Gum disease is an infection of your soft tissues. If you notice that the gums bleed whenever you floss or brush, you might be exhibiting initial symptoms of periodontal disease known as gingivitis. Gingivitis could be reversed with timely and proper oral treatment. If not addressed, the condition can advance to periodontitis characterized by gum recession, deteriorated jaw bone, and loose teeth. If you have any of these symptoms, you should seek medical attention immediately. The skilled dentists at La Puente Advanced Dentistry offer dental solutions which can treat periodontal disease effectively at any stage. We can also assist you in managing the condition to keep the gums and teeth healthy and restore your beautiful smile.

Introducing Gum Disease

Gum disease is also commonly known as periodontitis or periodontal disease. It is caused by bacteria growing in the mount and can result in tooth loss if not treated properly due to the destruction of tissues surrounding the teeth.

When you fail to brush your teeth and clean the difficult-to-reach areas in the mouth, the following occurs:

  • The bacteria in the mouth multiply and form plaque
  • If you do not remove the plaque through brushing, the bacteria deposit tartar within the plaque with time. Tartar encourages more bacterial growth toward your tooth root.
  • The body immune response to the bacterial growth results in gum inflammation
  • The attachment of your gum to your tooth root is affected over time, and periodontal pockets might form between your root and gum.
  • Dangerous anaerobic bacteria colonize in your pocket, multiply and release toxins that can destroy your teeth, gums, and supporting bone structure.

While plaque is the leading cause of periodontitis, other factors can trigger gum diseases, including:

  • Hormonal changes like those happening during menopause, menstruation, puberty, and pregnancy make gums sensitive, increasing the danger of developing the condition.
  • Illnesses like HIV or cancer compromise your immune system, while diabetes affects your body’s capability to use blood glucose, increasing the possibility of contracting infections.
  • Medication can affect your dental health since some reduce saliva flow (saliva protects your gums and teeth). On the other hand, medicines such as Adalat, anti-angina drug Procardia, and anticonvulsant Dilantin can lead to abnormal gum tissue growth.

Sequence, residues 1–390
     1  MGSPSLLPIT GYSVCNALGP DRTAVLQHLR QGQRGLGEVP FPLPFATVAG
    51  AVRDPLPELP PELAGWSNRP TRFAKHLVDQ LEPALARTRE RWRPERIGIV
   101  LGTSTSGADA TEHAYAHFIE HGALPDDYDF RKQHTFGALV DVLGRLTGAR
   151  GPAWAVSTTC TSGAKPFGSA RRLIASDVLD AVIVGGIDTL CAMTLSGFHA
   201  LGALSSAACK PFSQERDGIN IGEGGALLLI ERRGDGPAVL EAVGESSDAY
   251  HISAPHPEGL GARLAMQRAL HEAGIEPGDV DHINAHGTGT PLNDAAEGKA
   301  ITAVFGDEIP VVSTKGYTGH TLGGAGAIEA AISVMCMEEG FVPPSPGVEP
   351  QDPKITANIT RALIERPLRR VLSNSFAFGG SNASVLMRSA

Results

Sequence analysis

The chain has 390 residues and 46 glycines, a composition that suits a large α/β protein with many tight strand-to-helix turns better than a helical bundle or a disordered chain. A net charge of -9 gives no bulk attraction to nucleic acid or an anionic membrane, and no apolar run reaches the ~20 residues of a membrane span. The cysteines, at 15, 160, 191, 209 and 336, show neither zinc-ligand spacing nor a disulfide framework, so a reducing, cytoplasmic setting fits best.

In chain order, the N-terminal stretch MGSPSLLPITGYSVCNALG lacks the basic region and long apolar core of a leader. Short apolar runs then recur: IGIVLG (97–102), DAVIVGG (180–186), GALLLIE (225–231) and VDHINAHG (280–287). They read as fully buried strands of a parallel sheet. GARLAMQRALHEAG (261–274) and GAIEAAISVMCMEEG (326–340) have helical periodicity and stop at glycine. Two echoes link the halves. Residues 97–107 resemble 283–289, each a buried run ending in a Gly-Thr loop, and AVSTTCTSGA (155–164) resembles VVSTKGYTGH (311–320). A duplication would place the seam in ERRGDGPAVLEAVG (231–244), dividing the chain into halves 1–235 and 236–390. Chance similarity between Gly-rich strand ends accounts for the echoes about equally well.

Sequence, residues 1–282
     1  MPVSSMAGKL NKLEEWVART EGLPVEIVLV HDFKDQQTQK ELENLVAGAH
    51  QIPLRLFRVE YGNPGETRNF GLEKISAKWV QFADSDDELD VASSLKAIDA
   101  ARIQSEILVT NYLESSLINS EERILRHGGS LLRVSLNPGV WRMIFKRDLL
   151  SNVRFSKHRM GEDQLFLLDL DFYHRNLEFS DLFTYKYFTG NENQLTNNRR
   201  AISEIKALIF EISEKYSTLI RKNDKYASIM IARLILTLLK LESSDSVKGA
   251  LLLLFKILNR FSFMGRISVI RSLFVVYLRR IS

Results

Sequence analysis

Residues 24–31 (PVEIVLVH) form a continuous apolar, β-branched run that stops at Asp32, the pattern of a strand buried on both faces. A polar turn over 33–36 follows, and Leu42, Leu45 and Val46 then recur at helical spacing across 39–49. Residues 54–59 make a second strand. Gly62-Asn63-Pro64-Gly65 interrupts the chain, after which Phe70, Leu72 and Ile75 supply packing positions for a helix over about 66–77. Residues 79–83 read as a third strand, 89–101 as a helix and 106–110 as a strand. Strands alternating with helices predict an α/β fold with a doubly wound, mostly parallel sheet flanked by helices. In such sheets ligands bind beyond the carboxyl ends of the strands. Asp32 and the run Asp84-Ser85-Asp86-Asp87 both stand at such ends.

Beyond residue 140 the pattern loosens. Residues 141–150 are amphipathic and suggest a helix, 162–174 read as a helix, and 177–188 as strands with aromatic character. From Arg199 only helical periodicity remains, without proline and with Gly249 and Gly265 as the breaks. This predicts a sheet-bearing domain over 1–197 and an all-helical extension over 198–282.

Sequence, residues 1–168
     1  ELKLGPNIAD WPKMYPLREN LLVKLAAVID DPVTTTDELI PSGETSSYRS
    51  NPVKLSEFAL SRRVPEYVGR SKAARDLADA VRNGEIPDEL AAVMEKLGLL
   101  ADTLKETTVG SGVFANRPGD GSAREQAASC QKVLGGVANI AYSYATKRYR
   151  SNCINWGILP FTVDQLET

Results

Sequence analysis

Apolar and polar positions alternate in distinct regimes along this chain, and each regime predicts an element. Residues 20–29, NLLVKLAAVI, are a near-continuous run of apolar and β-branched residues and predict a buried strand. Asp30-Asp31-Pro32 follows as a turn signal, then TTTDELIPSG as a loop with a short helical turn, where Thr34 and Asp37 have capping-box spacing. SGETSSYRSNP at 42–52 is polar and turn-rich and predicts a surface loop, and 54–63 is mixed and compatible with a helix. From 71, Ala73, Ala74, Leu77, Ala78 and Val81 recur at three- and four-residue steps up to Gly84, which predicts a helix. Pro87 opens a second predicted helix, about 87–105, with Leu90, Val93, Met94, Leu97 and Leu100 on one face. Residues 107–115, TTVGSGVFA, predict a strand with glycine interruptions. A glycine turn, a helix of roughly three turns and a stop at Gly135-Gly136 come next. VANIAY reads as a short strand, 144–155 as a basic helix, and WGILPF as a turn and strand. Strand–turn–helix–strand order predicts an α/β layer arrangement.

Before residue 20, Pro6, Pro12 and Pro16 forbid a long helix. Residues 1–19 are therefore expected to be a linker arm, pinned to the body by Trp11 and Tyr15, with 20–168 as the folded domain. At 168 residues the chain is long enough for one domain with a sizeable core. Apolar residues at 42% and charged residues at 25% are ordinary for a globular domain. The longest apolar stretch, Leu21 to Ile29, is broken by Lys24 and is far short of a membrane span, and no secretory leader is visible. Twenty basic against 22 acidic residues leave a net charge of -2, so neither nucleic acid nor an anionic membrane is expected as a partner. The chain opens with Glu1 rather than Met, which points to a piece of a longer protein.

• Family history of oral conditions
  • Poor dental hygiene practices like not flossing and brushing daily
  • Stress impairs your body’s immune response to disease invasion
  • Poor nutrition like low water intake and a diet high in carbohydrates and sugar will boost plaque formation. Moreover, a deficiency of nutrients like vitamin C will hinder healing.
  • Habits like drinking too alcohol, chewing tobacco, or smoking
  • Overlapping, crooked or rotated teeth create more areas for calculus and plaque to accumulate and are difficult to clean


Different Stages of Gum Disease

Gum disease begins as inflammation and gets worse as time passes by.

Gingivitis (Inflammation)

Gum disease starts with inflammation in your gums. One of the initial warnings of the condition is bleeding gums whenever you floss or brush the teeth.

Additionally, you can experience tooth discoloration. It is referred to as plaque (buildup of debris and bacteria on the tooth). While bacteria are always in your mouth, they are only dangerous when an oral condition permits them to grow significantly.

Early Periodontal Disease

In the initial stages of the condition, your gum pulls away (recedes) from the teeth, forming small pockets between teeth and gums. These pockets harbor bacteria. The immune system tries to fight the infection, and the gum tissue begins to recede. As a result, you can experience tooth bleeding during tooth flossing and brushing.

Moderate Periodontal Disease

If not treated, the condition will advance to moderate periodontal disease. The patient can experience pain around their teeth, gum recession, and bleeding. The teeth will also start becoming loose and lose their bone support.

Advanced Periodontal Disease